RELATED UMBILICALDISORDERSDepartment of surgerySonghkla hospital
The development of the anteriorabdominal wall• the yolk sac is divided into an intracoelomic portion and anextracoelomic portion.• The intracoelomic portion becomes the primitive alimentarycanal and communicates with the extracoelomic portionthrough the vitelline duct, (omphalomesenteric duct).• This communication is lost at 5-7 wks gestation. Persistenceof part or all of this connection results in omphalomesentericanomalies.
1. Omphalomesenteric duct• This is extremely rare and may be recognized with fecaldrainage noted from the umbilicus. It is more common in boysthan in girls, and differentiation from urachal anomalies isimportant for the surgical approach. Confirmation is donethrough a fistulogram.
2. Partially patentomphalomesenteric duct.• Omphalomesenteric duct sinus• Omphalomesenteric duct cyst• This can be diagnosed with fistulograms and require excision.
3. Meckels diverticulum.• Persistence of the proximal portion of the omphalomesentericduct as a diverticulum opening into the ileum is called aMeckels diverticulum. It may be associated with an umbilicalpolyp.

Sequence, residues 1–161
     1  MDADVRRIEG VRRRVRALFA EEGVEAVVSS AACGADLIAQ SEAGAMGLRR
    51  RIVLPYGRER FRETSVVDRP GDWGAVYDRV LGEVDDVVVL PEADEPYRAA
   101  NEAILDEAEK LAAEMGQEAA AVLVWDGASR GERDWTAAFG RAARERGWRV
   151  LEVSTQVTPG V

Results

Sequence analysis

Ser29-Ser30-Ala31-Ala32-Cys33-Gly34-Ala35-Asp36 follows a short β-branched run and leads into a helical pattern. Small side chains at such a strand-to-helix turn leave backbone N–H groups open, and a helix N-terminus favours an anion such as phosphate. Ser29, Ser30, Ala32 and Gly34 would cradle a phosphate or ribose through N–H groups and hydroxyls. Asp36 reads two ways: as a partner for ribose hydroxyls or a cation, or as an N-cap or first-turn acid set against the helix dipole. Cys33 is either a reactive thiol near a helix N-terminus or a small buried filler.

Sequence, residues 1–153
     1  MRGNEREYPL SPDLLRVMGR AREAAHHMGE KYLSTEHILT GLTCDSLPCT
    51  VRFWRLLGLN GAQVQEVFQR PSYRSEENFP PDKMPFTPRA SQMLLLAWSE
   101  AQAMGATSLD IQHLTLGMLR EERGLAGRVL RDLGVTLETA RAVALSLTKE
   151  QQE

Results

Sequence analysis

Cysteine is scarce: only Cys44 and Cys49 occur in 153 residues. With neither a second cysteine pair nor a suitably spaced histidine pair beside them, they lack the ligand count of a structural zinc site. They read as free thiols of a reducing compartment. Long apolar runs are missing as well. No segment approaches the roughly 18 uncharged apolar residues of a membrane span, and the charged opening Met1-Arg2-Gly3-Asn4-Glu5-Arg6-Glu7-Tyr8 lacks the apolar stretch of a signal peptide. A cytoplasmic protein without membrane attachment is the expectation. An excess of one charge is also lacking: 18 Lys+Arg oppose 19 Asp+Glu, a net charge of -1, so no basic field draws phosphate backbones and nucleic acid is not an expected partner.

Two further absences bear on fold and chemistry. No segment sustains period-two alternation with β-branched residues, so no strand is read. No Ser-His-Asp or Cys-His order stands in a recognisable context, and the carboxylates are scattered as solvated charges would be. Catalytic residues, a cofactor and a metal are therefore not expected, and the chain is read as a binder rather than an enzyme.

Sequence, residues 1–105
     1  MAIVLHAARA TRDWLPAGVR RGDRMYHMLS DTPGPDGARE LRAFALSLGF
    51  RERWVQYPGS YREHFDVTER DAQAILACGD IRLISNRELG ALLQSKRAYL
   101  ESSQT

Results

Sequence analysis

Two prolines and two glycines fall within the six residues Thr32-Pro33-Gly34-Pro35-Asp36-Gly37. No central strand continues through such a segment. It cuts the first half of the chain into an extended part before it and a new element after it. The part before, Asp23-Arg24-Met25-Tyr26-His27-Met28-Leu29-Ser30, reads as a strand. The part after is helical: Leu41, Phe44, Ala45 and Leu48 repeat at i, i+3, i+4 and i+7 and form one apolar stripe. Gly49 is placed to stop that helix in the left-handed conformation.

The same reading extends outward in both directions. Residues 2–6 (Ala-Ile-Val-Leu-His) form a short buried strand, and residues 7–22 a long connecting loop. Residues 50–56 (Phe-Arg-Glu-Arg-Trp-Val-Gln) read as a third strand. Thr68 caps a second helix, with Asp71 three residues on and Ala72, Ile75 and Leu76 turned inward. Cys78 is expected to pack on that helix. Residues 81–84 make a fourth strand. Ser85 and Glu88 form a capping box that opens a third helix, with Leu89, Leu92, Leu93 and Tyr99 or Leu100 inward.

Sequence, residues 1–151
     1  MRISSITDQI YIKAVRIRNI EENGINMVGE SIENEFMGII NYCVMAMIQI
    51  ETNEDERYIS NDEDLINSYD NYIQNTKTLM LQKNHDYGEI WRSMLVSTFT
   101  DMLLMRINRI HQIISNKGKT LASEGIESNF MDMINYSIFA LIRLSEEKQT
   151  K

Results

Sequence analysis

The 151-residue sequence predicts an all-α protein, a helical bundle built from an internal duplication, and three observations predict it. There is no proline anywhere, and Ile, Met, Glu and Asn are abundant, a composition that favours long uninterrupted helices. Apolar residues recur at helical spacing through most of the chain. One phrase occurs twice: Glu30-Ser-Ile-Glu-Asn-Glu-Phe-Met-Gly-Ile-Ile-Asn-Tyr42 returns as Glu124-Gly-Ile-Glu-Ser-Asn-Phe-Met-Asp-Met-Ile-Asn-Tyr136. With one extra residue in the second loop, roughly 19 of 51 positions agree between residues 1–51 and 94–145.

4. Umbilical polyp.• Persistence of intestinal mucosa at the umbilicus can developinto an umbilical polyp. Probing and possibly a fistulogram areimportant.• A simple polyp can be treated superficially with silver nitrateor local excision. It is important, however, to make sure that itis not associated with a duct remnant.
6. Umbilical hernia.•This is usually congenital and relates to the incomplete closureof the anterior abdominal wall fascia after the intestines havereturned to the abdominal cavity.
7.Umbilical granulomaAn umbilical granuloma is a piece of tissue that remains on yourbabys belly button after the umbilical cord falls off.treatment• silver nitrate• Liquid nitrogen• Ligation at the base of granuloma• excision
8. Omphalitis• Inflammation of the umbilicus• In full-term infants, the mean age at onset is 5-9 days. Inpreterm infants, the mean age at onset is 3-5 days.• Approximately ¾ of omphalitis cases are polymicrobial inorigin. predominated by• Staphylococcus aureus• group A Streptococcus• Escherichia coli• Klebsiella pneumoniae• Proteus mirabilis